Building games for devices like the iPhone and iPad requires a different approach than you would use for desktop PC games. Unlike the PC market, your target hardware is standardized and not as fast or powerful as a computer with a dedicated video card. Because of this, you will have to approach the development of your games for these platforms a little differently. Also, the features available in Unity for iOS differ slightly from those for desktop PCs.
You don’t need an Apple Developer account to build to devices; any Apple ID is sufficient for building only to your own device for testing.
However, we recommend that you set up your Apple Developer account before proceeding because you will need it to use Unity to its full potential with iOS. This includes establishing your team, adding your devices, and finalizing your provisioning profiles. All this setup is performed through Apple’s Developer website. Since this is a complex process, we have provided a basic outline of the tasks that must be completed, which can be referred to alongside the step-by-step instructions at Apple’s iPhone Developer portal.
When you build the Unity iOS game an XCode project is generated. This project is required to sign, compile and prepare your game for distribution. See the Unity XCode project manual page for further information.
Unity provides a number of scripting APIs to access the multi-touch screen, accelerometer, device geographical location system and much more. You can find out more about the script classes on the iOS scripting page.
Unity allows you to call custom native functions written in C, C++ or Objective-C directly from C# scripts. To find out how to bind native functions, visit the plugins page.
The Unity iOS runtime allows you to download new content and you can use this feature to implement in-app purchases. See the downloadable content manual page for further information.
Unity supports occlusion culling which is useful for squeezing high performance out of complex scenes with many objects. This can be extremely useful for developing to mobile devices. See the occlusion culling manual page for further information.
See the splash screen customization page to find out how to change the image your game shows while launching.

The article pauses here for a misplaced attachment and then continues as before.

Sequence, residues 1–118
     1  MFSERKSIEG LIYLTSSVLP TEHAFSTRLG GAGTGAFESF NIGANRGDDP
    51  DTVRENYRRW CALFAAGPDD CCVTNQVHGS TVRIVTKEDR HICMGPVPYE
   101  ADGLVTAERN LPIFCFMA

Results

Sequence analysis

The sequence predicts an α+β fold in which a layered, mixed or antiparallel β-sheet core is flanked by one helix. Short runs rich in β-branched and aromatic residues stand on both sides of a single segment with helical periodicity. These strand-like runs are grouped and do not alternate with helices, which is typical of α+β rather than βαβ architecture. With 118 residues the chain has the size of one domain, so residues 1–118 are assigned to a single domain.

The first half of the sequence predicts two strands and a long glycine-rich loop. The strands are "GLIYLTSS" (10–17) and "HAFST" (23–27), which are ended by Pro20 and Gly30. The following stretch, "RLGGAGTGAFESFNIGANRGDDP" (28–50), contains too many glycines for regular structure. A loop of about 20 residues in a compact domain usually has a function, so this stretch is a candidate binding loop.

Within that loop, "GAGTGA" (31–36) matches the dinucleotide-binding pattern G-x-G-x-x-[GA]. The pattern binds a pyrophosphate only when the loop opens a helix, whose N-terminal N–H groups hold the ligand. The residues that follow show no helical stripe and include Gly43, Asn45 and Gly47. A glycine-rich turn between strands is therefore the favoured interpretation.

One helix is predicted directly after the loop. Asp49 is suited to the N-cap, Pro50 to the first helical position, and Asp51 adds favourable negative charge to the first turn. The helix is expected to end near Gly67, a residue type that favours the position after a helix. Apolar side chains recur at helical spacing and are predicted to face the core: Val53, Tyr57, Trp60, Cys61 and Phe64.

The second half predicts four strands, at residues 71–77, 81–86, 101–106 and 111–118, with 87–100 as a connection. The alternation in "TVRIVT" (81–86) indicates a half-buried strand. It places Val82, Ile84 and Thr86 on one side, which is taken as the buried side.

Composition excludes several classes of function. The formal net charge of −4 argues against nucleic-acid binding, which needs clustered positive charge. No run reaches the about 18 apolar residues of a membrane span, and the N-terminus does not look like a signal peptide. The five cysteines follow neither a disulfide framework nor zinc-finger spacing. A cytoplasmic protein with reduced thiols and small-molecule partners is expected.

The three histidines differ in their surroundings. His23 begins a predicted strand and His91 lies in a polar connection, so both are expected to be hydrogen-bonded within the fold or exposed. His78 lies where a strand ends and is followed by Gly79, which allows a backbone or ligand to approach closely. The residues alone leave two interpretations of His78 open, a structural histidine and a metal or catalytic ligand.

If you are experiencing crashes on the iOS device, please consult the iOS troubleshooting page for a list of common issues and solutions. If you can’t find a solution here then please file a bug report for the crash (menu: Help > Report A Bug in the Unity editor).
#pragma strict getting added to all your scripts automatically). Static typing greatly improves performance, which is especially important on iOS devices. When you switch an existing Unity project to the iOS target, you will get compiler errors if you are using dynamic typing. You can easily fix these either by using explicitly declared types for the variables that are causing errors or taking advantage of type inference.
Unity supports importing a variety of source format sound files. However when importing these files (with the exception of tracker files), they are always re-encoded to the build target format. By default, this format is Vorbis, though this can be overridden per platform to other formats (ADPCM, MP3 etc) if required. Mp3 playback offers a little better performance on iPhone compared with Vorbis playback.
Unity iOS does not support DXT textures. Instead, PVRTC texture compression is natively supported by iPhone/iPad devices. Consult the texture import settings documentation to learn more about iOS texture formats.
MovieTextures are not supported on iOS. Instead, full-screen streaming playback is provided via scripting functions. To learn about the supported file formats and scripting API, consult the movie page in the manual.